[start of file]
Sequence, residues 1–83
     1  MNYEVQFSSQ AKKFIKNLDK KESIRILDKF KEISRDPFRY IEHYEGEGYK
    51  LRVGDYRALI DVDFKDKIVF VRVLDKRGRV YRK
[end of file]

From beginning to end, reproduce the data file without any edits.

Sequence, residues 1–83
     1  MNYEVQFSSQ AKKFIKNLDK KESIRILDKF KEISRDPFRY IEHYEGEGYK
    51  LRVGDYRALI DVDFKDKIVF VRVLDKRGRV YRK